He cherished the flame carefully and awkwardly. He was pleased at the speed he had made. On top of this ice were as many feet of snow. It was ten o'clock. He pictured the boys finding his body next day. Then the man drowsed off into what seemed to him the most comfortable and satisfying sleep he had ever known.
He is scared, and has a feeling of a coming death. Some of the time, he thinks correctly a "little knowledge"but as time goes on, he makes more and more foolish moves a "dangerous thing". Suddenly he bared both hands, removing the mittens with his teeth. He had forgotten for the moment that they were frozen and that they were freezing more and more.
Thus the negative events that transpire in the man's day in the story are described as "his mistake" or an accident; London notes that "it happened.
Gradually, as the flame grew stronger, he increased the size of the twigs with which he fed it. When he got back to the States he could tell the folks what real cold was He drifted on from this to a vision of the old-timer on Sulphur Creek He could see him quite clearly, warm and comfortable, and smoking a pipe.
Every stumbling block in the road makes it more difficult for the man to accomplish his goal of reaching the "destination" by nightfall. He should not have built the fire under the spruce tree.
He had forgotten to build a fire and thaw out. As the dog reluctantly follows the man across a frozen river, the dog is more cautious than the man. All a man had to do was to keep his head, and he was all right.
After a series of very unfortunate events take place, in which the man falls into the river up to his knees, gets frostbite on feet, and then loses his matches, the man ends up along the side of the trail frost bitten and frozen to death.
Jack London To Build a Fire Day had broken cold and grey, exceedingly cold and grey, when the man turned aside from the main Yukon trail and climbed the high earth-bank, where a dim and little travelled trail led eastward through the fat spruce timberland.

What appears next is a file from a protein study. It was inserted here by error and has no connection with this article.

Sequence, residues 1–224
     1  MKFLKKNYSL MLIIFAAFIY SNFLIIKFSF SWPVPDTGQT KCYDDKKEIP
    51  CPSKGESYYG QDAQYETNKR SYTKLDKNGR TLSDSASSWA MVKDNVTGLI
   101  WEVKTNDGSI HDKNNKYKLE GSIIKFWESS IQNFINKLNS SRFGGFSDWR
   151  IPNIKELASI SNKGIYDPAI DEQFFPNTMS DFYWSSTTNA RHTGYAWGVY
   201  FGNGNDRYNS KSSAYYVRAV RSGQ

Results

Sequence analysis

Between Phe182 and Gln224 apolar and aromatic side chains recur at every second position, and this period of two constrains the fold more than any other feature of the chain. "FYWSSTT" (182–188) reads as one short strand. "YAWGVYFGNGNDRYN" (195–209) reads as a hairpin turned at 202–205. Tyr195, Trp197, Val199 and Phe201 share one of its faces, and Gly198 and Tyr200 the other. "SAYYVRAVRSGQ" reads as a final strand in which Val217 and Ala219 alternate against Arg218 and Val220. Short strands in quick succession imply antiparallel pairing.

He realized that he could not kill the dog. Lifeless they were, for he could scarcely make them move together to grip a twig, and they seemed remote from his body and from him.
Nose and cheeks were already freezing, while the skin of all his body chilled as it lost its blood. The running made him feel better. Maybe, if he ran on, his feet would thaw out; and, anyway, if he ran far enough, he would reach camp and the boys.
He was neither strong enough mentally to make rational decisions, nor did he have the right social skills, a necessity which most animals depend on, the "stick together to survive" mentality. Not only does the old man see the protagonist's stupidity, but the dog notices the man's lack of knowledge about the terrain and its obstacles after he fails to keep a fire going.
The fire was a success. Slowly, as he plowed and floundered through the snow, he began to see things again, the banks of the creek, the old timber-jams, the leafless aspens, and the sky. There was no sun nor hint of sun, though there was not a cloud in the sky.
However, the conception did not come to him in such terms. And all the time the dog ran with him, at his heels. It was the time to lie snug in a hole in the snow and wait for a curtain of cloud to be drawn across the face of outer space whence this cold came.
He stood and studied the creek-bed and its banks, and decided that the flow of water came from the right. When the man had finished, he filled his pipe and took his comfortable time over a smoke.
He remembered the advice of the old timer on Sulphur Creek, and smiled.Jack London is a poster boy for naturalism, and his short story, "To Build a Fire," is a good example of why. Naturalism is an extreme form of realism, with a heightened attention to nature and.
To Build a Fire Day had broken cold and grey, exceedingly cold and grey, when the man turned aside from the main Yukon trail and climbed the high earth-bank, where a dim and little travelled trail led eastward through the fat spruce timberland.
In "To Build a Fire," Jack London shows us that nature's true value lies in the fact that it does not care about humanity. Whether he has imagination or not, the man's thoughts mean nothing in the face of the vast and cold Yukon. To Build a Fire was featured as The Short Story of the Day on Fri, Dec 29, Featured in our collection of Short Stories for Middle School I and Dog Stories.
Enjoy American Literature's Jack London images on Pinterest. In the man versus nature (sometimes called "man versus environment") conflicts, the protagonist's goals are set in opposition to some force of nature. For instance, Jack London's short story "To Build a Fire" has the unnamed protagonist struggling to survive in a vast frozen wilderness.
Nature is totally indifferent to man in Jack London's story "To Build a Fire." Nature is a simple fact. It doesn't care in the least whether the protagonist makes it .Download